Many of the ideas in A History of Pictures are indebted to Hockney’s 2001 book Secret Knowledge, which controversially argued that old master painters from Van Eyck to Ingres employed various proto-photographic gadgets — such as the camera obscura, the camera lucida and the convex mirror — in their optical capture of the world. But A History of Pictures is less a coherent theory than a very sophisticated chat, embellished with a princely collection of images guided by Hockney’s particular tastes. Unimpeachable masterpieces like Velázquez’s Las Meninas join art historical rarities: a woozy early Vermeer; a seminude Orientalist photo shoot art-directed by Eugène Delacroix; Ellsworth Kelly’s abstraction of two contiguous curved volumes said to slyly represent “two boys’ bums together”; a composite photograph of Abraham Lincoln with a Mathew Brady head shot of the president grafted onto the body of the pro-slavery statesman John C. Calhoun.

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Dada and Beyond: The Many Artistic Lives of Francis Picabia

by Albert Mobilio

New York Times

December 2, 2016

“Paintings are made for dentists,” Francis Picabia declared in Jésus-Christ Rastaquouère, a manifesto (one among many he wrote) that offers ample evidence of this avant-garde artist and poet’s subversive, disdainful sensibility toward art and art making. Still, the very next line — “So what! Let’s get on with it!” — aptly characterizes the eager, if not promiscuous approach to his own career, one that spanned the first half of the 20th century and engaged nearly every movement of that period. From his earliest Impressionist efforts, through Cubist, Dadaist, Surrealist and realist work, to the abstract iterations that marked the years before his death in 1953, Picabia shifted fluidly with the cultural moment, all the while vigorously denouncing the style he’d just left behind. His leave-taking was often as cryptic as it was vehement: “I separated from Dada because I believe in happiness and I loathe vomiting; the smells of cooking make a rather unpleasant impression on me.”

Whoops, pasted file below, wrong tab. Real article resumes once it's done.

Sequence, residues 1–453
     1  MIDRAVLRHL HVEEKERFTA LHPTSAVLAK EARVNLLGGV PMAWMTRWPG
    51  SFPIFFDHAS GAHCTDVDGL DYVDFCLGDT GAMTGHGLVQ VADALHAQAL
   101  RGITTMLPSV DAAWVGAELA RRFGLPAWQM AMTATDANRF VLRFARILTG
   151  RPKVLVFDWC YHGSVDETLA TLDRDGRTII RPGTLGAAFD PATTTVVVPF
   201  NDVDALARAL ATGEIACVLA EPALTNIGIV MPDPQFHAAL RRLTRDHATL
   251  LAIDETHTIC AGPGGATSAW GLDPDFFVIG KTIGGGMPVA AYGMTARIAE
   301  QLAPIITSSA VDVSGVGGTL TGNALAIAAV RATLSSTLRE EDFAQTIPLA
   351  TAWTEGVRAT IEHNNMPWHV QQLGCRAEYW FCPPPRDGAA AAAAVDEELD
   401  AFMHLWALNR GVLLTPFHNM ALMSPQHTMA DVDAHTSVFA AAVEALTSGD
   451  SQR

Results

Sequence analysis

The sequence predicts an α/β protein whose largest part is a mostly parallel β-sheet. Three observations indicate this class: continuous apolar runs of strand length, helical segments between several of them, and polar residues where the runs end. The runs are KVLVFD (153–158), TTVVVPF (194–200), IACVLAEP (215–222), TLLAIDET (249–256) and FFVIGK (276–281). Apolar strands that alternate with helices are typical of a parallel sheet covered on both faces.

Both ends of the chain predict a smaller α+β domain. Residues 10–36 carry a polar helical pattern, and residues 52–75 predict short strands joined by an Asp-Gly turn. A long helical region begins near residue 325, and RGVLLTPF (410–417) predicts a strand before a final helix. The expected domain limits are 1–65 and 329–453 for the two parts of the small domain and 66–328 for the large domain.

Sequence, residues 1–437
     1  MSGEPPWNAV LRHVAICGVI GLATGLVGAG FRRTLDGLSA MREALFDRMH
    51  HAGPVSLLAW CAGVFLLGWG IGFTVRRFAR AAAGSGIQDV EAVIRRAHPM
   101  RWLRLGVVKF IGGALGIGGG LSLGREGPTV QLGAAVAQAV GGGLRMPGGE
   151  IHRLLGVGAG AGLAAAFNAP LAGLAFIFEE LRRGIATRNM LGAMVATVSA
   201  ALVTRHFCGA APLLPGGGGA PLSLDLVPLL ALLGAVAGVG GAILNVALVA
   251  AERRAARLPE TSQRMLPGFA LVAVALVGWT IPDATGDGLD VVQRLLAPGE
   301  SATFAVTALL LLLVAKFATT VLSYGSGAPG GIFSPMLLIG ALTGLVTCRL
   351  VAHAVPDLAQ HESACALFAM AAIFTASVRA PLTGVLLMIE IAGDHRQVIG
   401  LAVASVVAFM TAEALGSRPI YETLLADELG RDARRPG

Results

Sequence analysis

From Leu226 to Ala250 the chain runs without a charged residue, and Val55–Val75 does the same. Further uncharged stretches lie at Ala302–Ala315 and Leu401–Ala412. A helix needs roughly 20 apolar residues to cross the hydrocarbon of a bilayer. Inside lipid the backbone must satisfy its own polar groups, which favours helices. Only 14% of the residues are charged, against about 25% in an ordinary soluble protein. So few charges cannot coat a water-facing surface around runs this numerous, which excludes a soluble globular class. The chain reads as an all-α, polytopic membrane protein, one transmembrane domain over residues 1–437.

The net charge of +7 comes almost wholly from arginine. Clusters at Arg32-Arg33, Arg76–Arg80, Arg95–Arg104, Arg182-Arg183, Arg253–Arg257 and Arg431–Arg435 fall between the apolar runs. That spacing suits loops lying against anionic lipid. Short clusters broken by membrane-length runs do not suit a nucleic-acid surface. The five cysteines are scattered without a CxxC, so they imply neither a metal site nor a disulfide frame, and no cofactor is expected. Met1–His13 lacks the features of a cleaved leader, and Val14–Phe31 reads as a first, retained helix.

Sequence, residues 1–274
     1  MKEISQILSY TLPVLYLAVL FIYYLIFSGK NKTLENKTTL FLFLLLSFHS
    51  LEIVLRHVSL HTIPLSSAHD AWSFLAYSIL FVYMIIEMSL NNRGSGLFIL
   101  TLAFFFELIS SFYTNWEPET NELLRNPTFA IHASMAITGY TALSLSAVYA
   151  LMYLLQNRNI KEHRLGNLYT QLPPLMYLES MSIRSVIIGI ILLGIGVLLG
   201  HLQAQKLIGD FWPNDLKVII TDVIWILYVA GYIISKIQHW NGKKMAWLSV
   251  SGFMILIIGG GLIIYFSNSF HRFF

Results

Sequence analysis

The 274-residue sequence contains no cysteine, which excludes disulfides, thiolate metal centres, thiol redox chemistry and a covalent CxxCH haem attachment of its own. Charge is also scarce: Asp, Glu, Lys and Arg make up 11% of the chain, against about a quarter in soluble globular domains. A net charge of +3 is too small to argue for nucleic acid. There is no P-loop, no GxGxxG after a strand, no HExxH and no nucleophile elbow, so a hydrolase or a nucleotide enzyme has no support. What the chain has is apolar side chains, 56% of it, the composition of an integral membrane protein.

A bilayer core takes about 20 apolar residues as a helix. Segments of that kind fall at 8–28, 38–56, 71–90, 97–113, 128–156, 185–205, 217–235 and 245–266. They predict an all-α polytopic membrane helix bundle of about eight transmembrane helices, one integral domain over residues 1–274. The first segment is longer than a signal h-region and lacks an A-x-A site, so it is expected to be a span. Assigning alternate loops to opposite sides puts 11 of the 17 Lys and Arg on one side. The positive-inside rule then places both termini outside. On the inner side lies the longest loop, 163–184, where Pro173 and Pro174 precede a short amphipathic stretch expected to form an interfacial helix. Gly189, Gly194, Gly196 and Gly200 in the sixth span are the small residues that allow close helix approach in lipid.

With copious illustrations and 16 essays, this hefty catalog for the current retrospective at the Museum of Modern Art attempts to chart a zigzag career that made up in energy what it lacked in depth of exploration. Anne Umland, one of the show’s curators and an editor of the volume, notes in her introduction that unlike Picasso’s “stylistic pluralism,” Picabia’s “style-switching involves extremes that exude — and provoke — skepticism and doubt.” She goes on to quote the art historian Benjamin Buchloh, who observed a “specter of derivativeness” in the artist’s work. This imitative quality and its attendant “pluralism” (noted to some degree or another by most of the critics assembled here) doesn’t only bother art historians; it’s readily apparent to those less schooled. In a single year, 1922, Picabia produced geometric abstractions, figurative silhouettes (La Nuit Espagnole is perhaps the most notable), and conventional, vaguely impressionistic watercolors of women draped in floral fabrics. It can be hard to reconcile such aesthetic dissonances.

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A Look at J. M. W. Turner, Master of Landscapes and Networking

by Nicholas Fox Weber

New York Times

December 2, 2016

Ever since he made his brave, experimental paintings exalting both natural truth and pigment as pigment, J.M.W. Turner has been a hero to art lovers. A technical dynamo, he captured the atmosphere surrounding the Earth, as well as land and sea, and he stretched the experience of seeing in unprecedented ways.